Virginia Woolf was very jealous of the affair. She wrote to Vita: "I rang you up just now to find you were gone nutting in the woods with Mary Campbell... but not me - damn you." It is believed that Woolf's novel Orlando was influenced by the affair. In October 1927 Virginia wrote to Vita: "Suppose Orlando turns out to be about Vita; and its all about you and the lusts of your flesh and the lure of your mind (heart you have none, who go gallivanting down the lanes with Campbell) - suppose there's the kind of shimmer of reality which sometimes attaches to my people... Shall you mind?"
Vita Sackville-West replied that she thrilled and terrified "at the prospect of being projected into the shape of Orlando". She added: "What fun for you; what fun for me. You see, any vengeance that you want to take will be ready in your hand... You have my full permission." Orlando, was published in October 1928, with three pictures of Vita among its eight photographic illustrations. Dedicated to Vita, the novel, published in 1928, traces the history of the youthful, beautiful, and aristocratic Orlando, and explores the themes of sexual ambiguity.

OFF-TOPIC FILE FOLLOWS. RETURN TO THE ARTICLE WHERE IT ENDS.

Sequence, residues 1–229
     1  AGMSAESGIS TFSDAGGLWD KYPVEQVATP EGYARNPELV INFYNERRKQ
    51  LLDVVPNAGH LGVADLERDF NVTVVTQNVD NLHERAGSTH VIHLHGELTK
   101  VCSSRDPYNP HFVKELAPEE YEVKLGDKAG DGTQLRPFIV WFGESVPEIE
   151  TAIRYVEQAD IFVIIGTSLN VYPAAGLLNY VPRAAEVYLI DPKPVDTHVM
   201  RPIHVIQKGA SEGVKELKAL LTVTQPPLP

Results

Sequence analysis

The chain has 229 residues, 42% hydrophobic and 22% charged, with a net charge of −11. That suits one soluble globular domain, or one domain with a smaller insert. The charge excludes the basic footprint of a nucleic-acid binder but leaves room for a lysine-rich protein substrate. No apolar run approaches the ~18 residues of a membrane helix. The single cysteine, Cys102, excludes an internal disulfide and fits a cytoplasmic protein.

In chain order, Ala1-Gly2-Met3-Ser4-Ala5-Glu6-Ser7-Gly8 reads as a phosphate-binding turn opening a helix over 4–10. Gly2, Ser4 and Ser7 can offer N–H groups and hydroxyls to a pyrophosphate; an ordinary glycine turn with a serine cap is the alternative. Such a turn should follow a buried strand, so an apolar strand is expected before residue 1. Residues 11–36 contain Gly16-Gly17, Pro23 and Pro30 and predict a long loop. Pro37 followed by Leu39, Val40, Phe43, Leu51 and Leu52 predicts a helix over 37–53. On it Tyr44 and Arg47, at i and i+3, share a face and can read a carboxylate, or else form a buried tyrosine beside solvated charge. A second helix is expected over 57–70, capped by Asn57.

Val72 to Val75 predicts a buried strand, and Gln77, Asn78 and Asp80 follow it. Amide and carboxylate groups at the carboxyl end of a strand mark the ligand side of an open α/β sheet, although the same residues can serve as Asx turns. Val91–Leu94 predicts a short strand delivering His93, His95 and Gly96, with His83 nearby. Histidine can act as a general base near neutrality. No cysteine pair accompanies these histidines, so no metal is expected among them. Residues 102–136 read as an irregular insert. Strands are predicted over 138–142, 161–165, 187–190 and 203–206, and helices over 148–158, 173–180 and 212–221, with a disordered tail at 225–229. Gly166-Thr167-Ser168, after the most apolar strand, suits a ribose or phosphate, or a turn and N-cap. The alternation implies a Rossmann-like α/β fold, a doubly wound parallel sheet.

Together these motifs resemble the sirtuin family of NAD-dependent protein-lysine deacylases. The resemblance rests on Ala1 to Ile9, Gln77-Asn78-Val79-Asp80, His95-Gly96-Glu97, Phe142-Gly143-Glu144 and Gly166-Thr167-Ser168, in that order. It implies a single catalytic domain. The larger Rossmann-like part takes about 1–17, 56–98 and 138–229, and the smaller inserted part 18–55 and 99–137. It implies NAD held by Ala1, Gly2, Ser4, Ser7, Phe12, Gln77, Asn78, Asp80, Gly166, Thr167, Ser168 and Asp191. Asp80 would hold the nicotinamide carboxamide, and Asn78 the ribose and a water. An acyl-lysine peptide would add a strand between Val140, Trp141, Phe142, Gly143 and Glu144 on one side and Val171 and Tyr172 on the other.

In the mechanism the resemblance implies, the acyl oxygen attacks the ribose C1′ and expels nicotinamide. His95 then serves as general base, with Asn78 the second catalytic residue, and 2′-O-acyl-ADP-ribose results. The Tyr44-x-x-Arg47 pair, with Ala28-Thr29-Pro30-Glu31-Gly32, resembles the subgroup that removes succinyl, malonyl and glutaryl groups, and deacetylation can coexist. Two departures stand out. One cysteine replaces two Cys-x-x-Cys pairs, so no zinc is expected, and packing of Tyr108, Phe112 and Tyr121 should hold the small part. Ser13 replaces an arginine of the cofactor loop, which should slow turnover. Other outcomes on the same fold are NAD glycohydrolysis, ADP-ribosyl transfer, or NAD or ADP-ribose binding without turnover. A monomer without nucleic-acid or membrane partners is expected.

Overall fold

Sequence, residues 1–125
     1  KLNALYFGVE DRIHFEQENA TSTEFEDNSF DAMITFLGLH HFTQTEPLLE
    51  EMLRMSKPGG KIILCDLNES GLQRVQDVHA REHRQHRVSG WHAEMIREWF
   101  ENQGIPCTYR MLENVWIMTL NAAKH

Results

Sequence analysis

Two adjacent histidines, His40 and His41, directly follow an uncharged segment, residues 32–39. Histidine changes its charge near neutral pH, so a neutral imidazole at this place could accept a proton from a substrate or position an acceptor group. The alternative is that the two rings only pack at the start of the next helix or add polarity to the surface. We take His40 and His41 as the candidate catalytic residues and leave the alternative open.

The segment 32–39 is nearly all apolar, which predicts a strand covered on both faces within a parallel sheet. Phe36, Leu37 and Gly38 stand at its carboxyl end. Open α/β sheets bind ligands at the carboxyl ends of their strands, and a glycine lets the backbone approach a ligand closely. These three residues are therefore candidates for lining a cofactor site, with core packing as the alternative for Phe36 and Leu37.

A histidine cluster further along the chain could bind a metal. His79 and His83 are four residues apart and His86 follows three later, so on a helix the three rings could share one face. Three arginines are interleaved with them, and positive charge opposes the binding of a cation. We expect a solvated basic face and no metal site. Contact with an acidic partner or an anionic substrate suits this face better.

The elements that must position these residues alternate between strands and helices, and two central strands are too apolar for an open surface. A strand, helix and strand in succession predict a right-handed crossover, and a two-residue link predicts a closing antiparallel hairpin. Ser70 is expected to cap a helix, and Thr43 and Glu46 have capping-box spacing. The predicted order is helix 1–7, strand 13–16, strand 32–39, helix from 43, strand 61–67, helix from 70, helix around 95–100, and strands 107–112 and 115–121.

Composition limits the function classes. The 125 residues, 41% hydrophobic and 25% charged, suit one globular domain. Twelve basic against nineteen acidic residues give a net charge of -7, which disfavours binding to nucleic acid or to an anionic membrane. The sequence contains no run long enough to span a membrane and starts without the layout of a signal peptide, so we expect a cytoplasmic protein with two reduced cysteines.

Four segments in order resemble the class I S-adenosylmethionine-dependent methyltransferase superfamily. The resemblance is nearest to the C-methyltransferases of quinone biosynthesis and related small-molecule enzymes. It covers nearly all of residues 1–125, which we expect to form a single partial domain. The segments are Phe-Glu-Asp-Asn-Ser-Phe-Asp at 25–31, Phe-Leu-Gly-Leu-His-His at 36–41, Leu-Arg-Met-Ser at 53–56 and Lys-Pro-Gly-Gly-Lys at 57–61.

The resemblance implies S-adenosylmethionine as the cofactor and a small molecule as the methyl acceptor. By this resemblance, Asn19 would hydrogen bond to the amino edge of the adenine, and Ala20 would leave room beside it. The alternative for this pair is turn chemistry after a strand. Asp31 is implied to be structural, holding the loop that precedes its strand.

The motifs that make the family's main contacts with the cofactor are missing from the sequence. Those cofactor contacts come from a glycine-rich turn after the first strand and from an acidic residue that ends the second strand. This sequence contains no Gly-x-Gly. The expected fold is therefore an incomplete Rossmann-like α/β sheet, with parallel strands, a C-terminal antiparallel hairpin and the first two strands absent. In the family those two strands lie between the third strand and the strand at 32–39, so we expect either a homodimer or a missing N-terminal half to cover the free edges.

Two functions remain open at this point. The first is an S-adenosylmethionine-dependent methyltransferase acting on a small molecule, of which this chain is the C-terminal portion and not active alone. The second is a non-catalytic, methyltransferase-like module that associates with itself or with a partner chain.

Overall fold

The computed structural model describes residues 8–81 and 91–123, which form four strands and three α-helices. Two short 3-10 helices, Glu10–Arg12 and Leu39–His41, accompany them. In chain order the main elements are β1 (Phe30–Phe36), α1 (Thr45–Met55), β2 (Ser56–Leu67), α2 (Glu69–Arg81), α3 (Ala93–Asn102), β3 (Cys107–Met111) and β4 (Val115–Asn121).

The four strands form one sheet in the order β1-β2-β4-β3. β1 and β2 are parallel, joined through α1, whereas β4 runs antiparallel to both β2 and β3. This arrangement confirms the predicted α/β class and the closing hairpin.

After reading the book, Mary Garman wrote to Vita: "I hate the idea that you who are so hidden and secret and proud even with people you know best, should be suddenly presented so nakedly for anyone to read about... Vita darling you have been so much Orlando to me that how can I help absolutely understanding and loving the book... Through all the slight mockery which is always in the tone of Virginia's voice, and the analysis etc., Orlando is written by someone who loves you so obviously."